Developing Standards Professionals
A Report on the 2014 ICES Conference
In forming the group that would become the International Cooperation for Education about Standardization, or ICES, John Hill, standards manager at Sun Microsystems, said, “Companies as well as standards bodies need well-educated standardization experts. Standardization processes should keep up with the times. Who will progress the theory and practice of standardization? Will universities provide us with such people? My dream is that we cooperate to promote education about standardization and manage its realization.” Since 2006, ICES has joined academic institutions and standards organizations to help make that dream a reality.
The International Cooperation for Education about Standardization, known as ICES, held its ninth annual conference in Ottawa, Ontario, Canada, on August 14. ICES conducts yearly conferences to promote and support the development of standardization education worldwide, and more specifically to support workshop participants in developing educational material about standardization.
The conference theme this year focused on education about standardization throughout a professional’s career and was held in conjunction with the annual conference of SES, the Society of Standards Professionals, and the annual World Standards Cooperation Academia Day. More than 75 participants from 15 countries attended the ICES event.
The three main sections of the conference included a contributed papers panel and panels offering the perspectives of young professionals and students, and senior and mid-career viewpoints. In addition, the participants heard opening remarks from conference host John Walter, CEO, Standards Council of Canada and keynote speaker Bonnie Rose, president, standards, CSA Group. A networking session was also held after the main conference, during which contributed posters were viewed and discussed.
Of the 10 papers submitted, ICES reviewers selected papers from authors in Canada, China, Japan, the Netherlands and the United States for presentation. Although presenters agreed that many different types of “standards professionals” exist, and approaches to education about standardization varies, there does not seem to be consensus as to what extent a professional society should function in defining credentials within the field of standardization. “Developing standards for the profession,” as one writer couched it, could create an exclusivity that detracts from the requirement of international standardizing bodies to remain open on a nondiscriminatory basis, regardless of experience level. Participants agreed that the credentialing of standards professionals is an interesting topic to be considered carefully in the future.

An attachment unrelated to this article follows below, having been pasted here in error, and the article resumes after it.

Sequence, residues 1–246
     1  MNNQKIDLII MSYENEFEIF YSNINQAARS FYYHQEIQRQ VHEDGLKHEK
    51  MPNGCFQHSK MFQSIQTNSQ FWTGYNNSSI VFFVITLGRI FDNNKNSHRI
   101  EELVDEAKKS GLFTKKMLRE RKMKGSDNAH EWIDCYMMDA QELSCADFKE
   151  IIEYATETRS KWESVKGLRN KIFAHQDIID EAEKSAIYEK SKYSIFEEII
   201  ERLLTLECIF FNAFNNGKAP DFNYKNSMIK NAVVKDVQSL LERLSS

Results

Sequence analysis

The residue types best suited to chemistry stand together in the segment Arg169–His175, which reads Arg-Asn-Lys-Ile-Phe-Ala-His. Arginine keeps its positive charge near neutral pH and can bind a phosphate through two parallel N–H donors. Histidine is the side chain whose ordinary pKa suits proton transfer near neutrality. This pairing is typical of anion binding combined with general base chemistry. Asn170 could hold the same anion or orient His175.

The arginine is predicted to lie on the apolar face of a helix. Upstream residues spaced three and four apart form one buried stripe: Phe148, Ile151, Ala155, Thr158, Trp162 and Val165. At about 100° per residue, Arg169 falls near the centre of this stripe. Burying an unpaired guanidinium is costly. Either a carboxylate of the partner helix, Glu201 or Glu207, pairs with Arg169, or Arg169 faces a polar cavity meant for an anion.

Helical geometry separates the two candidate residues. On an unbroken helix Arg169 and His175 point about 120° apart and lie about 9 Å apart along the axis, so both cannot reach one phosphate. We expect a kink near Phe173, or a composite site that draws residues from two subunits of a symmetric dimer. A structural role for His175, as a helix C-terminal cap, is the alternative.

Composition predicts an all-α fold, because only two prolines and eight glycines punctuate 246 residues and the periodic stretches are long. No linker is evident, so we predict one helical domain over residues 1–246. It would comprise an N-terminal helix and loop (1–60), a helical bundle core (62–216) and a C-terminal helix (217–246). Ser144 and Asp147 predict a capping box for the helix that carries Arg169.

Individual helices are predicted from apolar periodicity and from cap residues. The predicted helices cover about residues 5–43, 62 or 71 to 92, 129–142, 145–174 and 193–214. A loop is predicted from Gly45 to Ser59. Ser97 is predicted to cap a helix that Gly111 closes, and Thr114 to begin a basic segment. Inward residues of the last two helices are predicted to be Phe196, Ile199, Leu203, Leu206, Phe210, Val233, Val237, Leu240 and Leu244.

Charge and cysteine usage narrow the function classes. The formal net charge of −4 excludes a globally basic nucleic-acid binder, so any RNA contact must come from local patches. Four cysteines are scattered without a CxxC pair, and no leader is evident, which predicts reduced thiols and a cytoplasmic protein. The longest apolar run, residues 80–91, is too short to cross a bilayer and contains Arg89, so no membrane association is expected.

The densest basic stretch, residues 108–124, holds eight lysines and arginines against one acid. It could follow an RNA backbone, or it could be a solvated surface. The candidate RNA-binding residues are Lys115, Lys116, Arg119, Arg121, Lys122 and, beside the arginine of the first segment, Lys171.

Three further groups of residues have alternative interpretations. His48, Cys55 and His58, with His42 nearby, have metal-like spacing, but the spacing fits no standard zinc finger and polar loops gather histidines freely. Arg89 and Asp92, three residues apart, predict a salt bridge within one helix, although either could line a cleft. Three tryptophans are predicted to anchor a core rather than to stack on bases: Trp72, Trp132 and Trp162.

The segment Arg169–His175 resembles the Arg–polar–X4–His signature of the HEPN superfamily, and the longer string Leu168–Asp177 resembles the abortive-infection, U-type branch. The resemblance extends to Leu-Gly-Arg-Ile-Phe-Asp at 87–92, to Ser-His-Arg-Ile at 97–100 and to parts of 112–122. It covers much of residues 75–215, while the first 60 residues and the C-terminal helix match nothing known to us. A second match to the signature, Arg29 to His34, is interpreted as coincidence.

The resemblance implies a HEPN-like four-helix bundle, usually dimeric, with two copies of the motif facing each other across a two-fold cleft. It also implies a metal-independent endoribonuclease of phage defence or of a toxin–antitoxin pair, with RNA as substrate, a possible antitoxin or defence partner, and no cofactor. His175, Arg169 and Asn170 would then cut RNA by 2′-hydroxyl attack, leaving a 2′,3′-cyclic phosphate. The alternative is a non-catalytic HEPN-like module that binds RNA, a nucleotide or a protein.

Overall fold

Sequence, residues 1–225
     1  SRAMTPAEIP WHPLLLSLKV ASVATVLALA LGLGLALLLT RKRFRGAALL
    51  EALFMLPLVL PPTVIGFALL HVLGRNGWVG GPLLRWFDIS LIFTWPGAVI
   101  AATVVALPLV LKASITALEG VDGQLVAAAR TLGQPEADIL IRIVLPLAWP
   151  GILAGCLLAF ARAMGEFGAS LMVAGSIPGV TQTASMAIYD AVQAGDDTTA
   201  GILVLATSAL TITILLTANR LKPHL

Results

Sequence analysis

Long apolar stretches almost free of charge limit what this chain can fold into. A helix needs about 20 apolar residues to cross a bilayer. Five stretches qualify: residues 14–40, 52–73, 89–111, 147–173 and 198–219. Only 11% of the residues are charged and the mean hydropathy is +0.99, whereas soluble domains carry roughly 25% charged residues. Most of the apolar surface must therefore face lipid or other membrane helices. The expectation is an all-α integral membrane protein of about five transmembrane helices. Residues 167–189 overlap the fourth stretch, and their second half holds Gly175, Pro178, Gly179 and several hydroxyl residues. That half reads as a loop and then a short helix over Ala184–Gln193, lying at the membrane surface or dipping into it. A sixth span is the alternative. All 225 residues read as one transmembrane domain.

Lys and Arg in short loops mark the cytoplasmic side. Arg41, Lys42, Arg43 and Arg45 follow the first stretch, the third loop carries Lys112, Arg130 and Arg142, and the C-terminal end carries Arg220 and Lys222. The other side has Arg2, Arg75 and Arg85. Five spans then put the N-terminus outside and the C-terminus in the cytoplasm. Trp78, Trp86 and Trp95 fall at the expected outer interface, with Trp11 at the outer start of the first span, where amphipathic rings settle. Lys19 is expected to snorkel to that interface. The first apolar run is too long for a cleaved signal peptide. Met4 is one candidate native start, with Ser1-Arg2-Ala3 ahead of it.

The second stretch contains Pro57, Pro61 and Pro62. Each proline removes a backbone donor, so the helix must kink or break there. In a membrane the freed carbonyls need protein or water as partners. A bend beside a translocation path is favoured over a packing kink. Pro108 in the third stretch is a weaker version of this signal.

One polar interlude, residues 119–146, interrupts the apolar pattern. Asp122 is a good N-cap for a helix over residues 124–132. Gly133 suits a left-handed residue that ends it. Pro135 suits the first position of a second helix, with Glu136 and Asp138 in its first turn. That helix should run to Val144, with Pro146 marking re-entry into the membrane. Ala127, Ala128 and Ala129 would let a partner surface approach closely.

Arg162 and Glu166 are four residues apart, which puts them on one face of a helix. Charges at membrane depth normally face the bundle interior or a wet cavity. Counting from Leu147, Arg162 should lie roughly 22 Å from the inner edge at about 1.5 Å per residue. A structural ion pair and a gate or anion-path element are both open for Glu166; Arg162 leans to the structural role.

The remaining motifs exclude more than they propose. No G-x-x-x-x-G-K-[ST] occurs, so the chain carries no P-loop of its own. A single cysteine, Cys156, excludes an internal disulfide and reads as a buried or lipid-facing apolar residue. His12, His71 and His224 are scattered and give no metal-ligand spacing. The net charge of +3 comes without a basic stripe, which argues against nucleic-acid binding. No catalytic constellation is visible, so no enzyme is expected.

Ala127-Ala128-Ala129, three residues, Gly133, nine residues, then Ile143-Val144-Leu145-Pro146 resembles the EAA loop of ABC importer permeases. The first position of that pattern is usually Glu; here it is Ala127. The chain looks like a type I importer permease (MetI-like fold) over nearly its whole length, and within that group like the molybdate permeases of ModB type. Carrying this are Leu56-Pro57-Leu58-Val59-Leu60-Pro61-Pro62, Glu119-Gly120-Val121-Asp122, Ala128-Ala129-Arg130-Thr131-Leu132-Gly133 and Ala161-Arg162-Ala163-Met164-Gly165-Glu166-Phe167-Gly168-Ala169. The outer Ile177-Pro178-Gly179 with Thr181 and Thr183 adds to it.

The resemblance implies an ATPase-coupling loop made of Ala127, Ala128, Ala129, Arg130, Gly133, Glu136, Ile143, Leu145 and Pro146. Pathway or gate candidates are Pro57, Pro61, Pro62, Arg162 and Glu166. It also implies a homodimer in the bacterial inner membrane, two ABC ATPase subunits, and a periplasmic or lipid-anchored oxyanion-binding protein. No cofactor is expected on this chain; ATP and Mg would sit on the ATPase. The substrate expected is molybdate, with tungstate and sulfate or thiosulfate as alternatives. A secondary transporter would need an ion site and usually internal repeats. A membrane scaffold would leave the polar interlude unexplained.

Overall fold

During their panel, the young professionals discussed their first introduction to standards and how they have enhanced their skills and knowledge in the field to meet employer expectations. This provocative discussion provided interesting insights into the challenges the standards industry has for educating up-and-coming professionals.
Without fail, each of the presenters explained that they “fell into” their job in standards rather than looking for such a position. One presenter even remarked that upon researching a job opportunity at a standards organization he could not find a job description on the Web for a “standards professional.” Another speaker commented that once he started participating on a committee, he discovered that “standards development is more than coming up with the best technology; it involves a whole eco-system of decision making.” Suggestions for what could have helped, or did help early on in their careers, included learning strategies for building consensus, use of their university’s capstone project to incorporate standards, and mentorship by existing standards professionals. Attendees were urged not to underestimate the skill set of new employees. Recruiting new developers should focus on the benefits of being at the standards table when decisions are made.
The panelists from the senior and mid-career group discussed career opportunities and challenges in standardization, many of which matched the challenges facing younger professionals. One presenter noted that the biggest hurdle in his career was convincing upper level management that participation in standards development was of value to the company. One suggested solution was to apply standards education to society as a whole at all levels. Another interesting observation was that important leadership skills are learned at the standards table, but that seasoned professionals already with those skills under their belt can have an advantage over their standards peers.
Poster presentations were displayed at a networking session after the main conference event, and ASTM International staff took the opportunity to present information about the ASTM Leadership Connection (www.astm.org/LEADERSHIP). Through this program, launched in 2013, ASTM has promoted the fact that participation in standards development provides one of the richest professional development and learning environments found anywhere. Conference participants agreed that the resources ASTM provides as part of the Leadership Connection initiative matched well with the conference theme.
The next ICES conference is scheduled for Incheon, Korea, in April 2015.James Olshefsky is director of external relations, global cooperation, at ASTM International.
This article appears in the issue of Standardization News.